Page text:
Meryl said that her daughters would have loved it and she would have taken them to see it at seven or eight. Christine agreed with that age, but added that visuals can really affect kids and although you can explain it away you never know what images will really get to them.
This led into a discussion of which fairy tales the actresses most enjoyed or were affected by as children. Meryl was really marked by Bluebeard and the idea of man who would take serial wives, one after another, and kill them in the castle. She was terrified by that and thought it may be why she stayed married to just one man
She also remembers visiting the library at age 8 and seeing pictures of the Kindertransport, especially a picture of the children’s bodies where they had suffocated. She said, “I have never forgotten that. It made me ask my parents questions about the Second World War and the Nazis and what that was. Kids want to get ready for trouble. That’s why my son used to draw lots of monsters. Boys draw lots of scary things, because they want to get ready. “
Christine added: “And they’re intrigued by it. Look at our fascination with violence in our culture. It’s just a part of it. I was always telling my kids, as I read to them, that there was such a thing as the world of the imagination. I said, “You’re safe. If you’re in the world of the imagination, you can go anywhere, and you can come back from that, so you’re safe. We will read this book, and it’ll take you places, but don’t worry. You will come back. Movies are like that. But it can be tricky when a child is too young. They don’t know how to do that. So, I think we need to be careful. Just take care of them and their little psyches.”
Meryl, Tracey and Christine also discussed the exposure to media that kids have today. Tracey mentioned how disturbing it is to see a child in a highchair with headphones on engrossed in their iPad while the family eats dinner (although she admits to using a video of “The Little Mermaid” to occasionally get some sleep when her girls were young.) Christine literally hauled her TV set out of her home after her young daughter was disturbed after seeing male strippers on Sally Jesse Raphael. Even though she made a living on TV, she didn’t have one in her house.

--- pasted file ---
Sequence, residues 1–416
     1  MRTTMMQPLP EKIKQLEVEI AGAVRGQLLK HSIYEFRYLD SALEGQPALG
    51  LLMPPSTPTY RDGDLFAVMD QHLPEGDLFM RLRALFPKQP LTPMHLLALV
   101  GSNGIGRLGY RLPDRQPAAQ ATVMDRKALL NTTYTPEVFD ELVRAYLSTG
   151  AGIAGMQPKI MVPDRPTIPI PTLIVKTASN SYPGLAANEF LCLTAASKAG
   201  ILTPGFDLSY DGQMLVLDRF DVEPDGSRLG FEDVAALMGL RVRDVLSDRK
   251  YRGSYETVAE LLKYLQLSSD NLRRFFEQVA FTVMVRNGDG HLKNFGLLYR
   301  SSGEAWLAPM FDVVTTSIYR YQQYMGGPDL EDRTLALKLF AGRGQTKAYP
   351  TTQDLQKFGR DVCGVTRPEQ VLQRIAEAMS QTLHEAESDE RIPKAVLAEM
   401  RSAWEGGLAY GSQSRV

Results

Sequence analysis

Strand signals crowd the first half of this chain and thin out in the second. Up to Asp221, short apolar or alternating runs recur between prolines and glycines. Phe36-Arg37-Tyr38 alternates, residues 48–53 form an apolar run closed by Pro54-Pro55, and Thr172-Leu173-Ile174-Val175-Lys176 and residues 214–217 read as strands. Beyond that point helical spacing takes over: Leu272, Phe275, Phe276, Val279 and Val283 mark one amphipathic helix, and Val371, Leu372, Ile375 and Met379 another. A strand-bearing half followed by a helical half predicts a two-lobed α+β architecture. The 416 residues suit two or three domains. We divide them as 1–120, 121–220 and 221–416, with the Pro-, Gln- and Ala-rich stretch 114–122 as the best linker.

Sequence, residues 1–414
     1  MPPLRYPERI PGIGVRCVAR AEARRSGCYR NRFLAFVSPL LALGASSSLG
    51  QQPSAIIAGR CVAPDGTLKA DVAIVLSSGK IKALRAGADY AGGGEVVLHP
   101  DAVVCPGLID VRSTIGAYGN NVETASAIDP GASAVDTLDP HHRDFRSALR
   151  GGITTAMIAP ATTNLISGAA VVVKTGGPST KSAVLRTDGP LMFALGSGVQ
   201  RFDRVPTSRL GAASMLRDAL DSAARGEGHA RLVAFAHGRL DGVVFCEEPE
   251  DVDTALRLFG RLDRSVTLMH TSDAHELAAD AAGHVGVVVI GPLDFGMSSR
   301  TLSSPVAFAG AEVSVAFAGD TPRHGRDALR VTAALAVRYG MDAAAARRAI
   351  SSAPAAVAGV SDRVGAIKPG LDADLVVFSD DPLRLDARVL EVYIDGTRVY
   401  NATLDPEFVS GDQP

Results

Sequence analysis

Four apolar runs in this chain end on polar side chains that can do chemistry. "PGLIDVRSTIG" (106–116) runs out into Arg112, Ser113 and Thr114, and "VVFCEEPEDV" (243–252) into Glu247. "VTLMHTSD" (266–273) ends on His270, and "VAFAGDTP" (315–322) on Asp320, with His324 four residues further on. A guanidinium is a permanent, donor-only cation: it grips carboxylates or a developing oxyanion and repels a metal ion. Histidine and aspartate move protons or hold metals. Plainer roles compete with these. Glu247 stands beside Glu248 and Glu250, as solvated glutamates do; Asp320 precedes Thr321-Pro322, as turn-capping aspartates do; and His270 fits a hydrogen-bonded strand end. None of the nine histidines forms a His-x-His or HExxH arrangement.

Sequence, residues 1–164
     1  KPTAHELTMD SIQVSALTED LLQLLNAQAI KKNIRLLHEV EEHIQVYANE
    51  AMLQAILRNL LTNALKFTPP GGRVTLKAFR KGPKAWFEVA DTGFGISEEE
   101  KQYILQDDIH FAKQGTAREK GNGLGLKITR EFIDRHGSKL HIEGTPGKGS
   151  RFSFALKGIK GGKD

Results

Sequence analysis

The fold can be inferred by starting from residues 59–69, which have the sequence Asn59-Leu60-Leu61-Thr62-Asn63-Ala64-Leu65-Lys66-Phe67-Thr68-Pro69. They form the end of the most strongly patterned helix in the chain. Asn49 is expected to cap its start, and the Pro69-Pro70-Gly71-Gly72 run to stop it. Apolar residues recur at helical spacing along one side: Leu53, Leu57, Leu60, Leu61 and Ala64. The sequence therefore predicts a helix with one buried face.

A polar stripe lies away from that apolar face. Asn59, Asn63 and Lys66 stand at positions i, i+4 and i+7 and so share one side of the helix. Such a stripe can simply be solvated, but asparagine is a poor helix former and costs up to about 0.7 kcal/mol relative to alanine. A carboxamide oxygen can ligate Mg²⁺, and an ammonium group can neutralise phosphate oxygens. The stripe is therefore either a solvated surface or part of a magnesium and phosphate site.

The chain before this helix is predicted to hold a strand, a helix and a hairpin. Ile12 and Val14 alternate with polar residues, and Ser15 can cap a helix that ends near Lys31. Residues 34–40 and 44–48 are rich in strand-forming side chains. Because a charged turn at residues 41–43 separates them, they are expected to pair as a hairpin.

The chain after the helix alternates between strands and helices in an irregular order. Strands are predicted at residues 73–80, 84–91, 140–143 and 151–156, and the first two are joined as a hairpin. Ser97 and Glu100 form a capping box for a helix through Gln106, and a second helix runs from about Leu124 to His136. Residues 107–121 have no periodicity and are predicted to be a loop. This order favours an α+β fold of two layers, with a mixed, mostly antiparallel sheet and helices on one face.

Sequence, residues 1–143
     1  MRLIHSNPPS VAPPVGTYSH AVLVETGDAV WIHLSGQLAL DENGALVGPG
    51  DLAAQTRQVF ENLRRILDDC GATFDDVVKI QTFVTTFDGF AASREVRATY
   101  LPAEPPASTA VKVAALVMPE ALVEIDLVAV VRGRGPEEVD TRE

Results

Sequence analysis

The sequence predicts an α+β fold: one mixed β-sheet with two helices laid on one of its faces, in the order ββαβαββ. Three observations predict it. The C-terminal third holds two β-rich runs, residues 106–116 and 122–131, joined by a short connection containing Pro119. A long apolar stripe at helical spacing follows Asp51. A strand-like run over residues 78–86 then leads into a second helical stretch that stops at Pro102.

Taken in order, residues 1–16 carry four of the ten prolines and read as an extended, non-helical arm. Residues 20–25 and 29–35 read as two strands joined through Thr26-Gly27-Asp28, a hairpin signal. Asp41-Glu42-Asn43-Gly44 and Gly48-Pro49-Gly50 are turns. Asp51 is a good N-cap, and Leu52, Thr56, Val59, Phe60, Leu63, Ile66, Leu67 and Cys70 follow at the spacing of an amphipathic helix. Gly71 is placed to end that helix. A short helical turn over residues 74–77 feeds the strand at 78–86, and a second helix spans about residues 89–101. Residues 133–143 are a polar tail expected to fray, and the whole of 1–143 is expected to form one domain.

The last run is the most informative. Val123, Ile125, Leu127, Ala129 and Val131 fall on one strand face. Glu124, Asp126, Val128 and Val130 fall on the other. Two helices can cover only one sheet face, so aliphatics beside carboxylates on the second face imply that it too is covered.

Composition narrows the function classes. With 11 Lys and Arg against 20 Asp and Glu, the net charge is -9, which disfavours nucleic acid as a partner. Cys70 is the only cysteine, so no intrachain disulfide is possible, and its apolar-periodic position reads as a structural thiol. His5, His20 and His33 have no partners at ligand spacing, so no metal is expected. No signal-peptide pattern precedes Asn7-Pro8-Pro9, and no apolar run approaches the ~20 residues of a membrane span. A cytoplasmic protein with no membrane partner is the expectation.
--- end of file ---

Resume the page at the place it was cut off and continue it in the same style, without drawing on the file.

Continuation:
The women also discussed what types of roles they enjoy playing. I enjoyed listening to Tracey speak about how magnificent Meryl was in her role as Margaret Thatcher. It’s delightful to see such a close friend still be so enthralled with Meryl’s acting ability. When discussing other roles they enjoy, Christine pointed out that the point is really if you feel like the project you are working on or the character you are portraying is helping to move the culture forward and show women in a deeper, more complicated way. Meryl shared that every person has a choice whether you’re an actor or a mom raising kids. You have a choice about what you’re putting out into the world and it matters.
I was just so genuinely impressed by all three of these women. They are strong, intelligent, funny, remarkable women who have held their own in a rough industry. Their words left me feeling uplifted and encouraged to be that type of woman myself.